Oracle launches startup accelerators across Europe  

Business news |
By Nick Flaherty

Oracle’s first startup accelerator was launched last year in Bangalore in India and the next ones will be based in Bristol, UK, Paris, France and Tel Aviv in Israel. Three others will be launched in Delhi and Mumbai in India, and Sao Paulo in Brazil. The Tel Aviv scheme was launched last week, Bristol today and Paris next week.

The programme will take five cloud startups to work with its research and development team and provide access to 420,000 enterprise customers around the world every six months. Oracle will not take equity in the startups but will provide free access to its cloud services, co-working space and will connect the new companies with investors. The intakes will start in the summer, with a focus on business-to-business technology. 

“We are being deliberately vague [on what ewe are looking for],” said Reggie Bradford, senior vice president of product development at Oracle and a serial entrepreneur who is running the global programme from London (above at the launch in Bristol). “We are not looking to specifically target AI or IoT, we want to open up the funnel and invite as many entrepreneurs as possible,” he said.

Other schemes in European cities such as Berlin are set to follow, says Bradford. The aim is to give Oracle and its customers access to new technologies from startups that will run on its ‘bare metal’ cloud.

“The timing wasn’t right for us [to do this] two year or ten years ago,” said Bradford. “We are less concerned about being a ‘me too’ incubator provider but we are doing things to add the most value to the things that are already here. It’s a multimillion dollar commitment globally – there’s a sustainable commitment from the company to foster and develop startups.”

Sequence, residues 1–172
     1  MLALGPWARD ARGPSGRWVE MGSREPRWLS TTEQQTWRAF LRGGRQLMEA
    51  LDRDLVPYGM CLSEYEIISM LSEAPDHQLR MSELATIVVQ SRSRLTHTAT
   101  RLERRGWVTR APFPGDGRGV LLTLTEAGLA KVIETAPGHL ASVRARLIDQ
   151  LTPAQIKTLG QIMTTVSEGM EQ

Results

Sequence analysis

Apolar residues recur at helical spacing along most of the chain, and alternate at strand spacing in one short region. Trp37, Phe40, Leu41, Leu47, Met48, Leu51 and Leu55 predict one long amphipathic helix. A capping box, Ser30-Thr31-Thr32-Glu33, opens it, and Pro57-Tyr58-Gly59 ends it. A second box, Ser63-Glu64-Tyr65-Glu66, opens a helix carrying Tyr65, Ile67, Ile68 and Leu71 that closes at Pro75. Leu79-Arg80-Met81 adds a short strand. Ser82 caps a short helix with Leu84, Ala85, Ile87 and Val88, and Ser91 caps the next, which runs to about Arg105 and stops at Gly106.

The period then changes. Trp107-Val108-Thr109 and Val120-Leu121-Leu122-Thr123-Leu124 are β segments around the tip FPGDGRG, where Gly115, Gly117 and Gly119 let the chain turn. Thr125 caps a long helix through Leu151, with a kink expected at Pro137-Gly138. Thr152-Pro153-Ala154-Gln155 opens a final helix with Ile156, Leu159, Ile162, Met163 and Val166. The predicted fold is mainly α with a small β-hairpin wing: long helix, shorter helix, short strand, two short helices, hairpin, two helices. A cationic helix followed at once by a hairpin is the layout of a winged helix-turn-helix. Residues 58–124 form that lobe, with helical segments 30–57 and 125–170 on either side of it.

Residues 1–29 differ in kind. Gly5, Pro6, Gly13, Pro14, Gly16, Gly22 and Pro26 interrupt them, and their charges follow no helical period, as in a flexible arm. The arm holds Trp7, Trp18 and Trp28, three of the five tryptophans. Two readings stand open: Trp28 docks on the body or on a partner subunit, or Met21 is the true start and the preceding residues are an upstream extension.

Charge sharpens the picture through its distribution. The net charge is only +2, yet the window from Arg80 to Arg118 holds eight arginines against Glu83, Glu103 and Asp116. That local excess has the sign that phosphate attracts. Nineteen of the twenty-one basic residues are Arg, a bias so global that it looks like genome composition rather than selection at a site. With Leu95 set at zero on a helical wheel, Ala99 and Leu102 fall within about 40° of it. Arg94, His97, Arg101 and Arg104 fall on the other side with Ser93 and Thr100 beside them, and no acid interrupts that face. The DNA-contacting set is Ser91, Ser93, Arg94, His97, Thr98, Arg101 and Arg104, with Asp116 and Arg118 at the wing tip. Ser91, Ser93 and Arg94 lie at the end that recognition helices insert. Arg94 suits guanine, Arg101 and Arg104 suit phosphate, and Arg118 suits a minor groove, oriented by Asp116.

The bare metal cloud was launched in October last year with three data centres (which Oracle calls domains) in Phoenix, with three more opening in Virginia this week and three in London later in the spring.

The Oracle cloud allows operating systems such as Windows, Linux and Solaris to run on the 32 cores on Intel’s Xeon processors, rather than virtual cores on hypervisor software. Oracle has also moved the software defined network technology into the switches to avoid the need for a hypervisor and this provides a latency of under 1ms between the data centres. While the initial focus is on dedicated resources to allow enterprise customers to ovetheir private networks onto the bare metal cloud, Oracle is also planning to offer 4, 8 and 16 virtualised cores in future to compete more directly with the public cloud services from Amazon and Microsoft.


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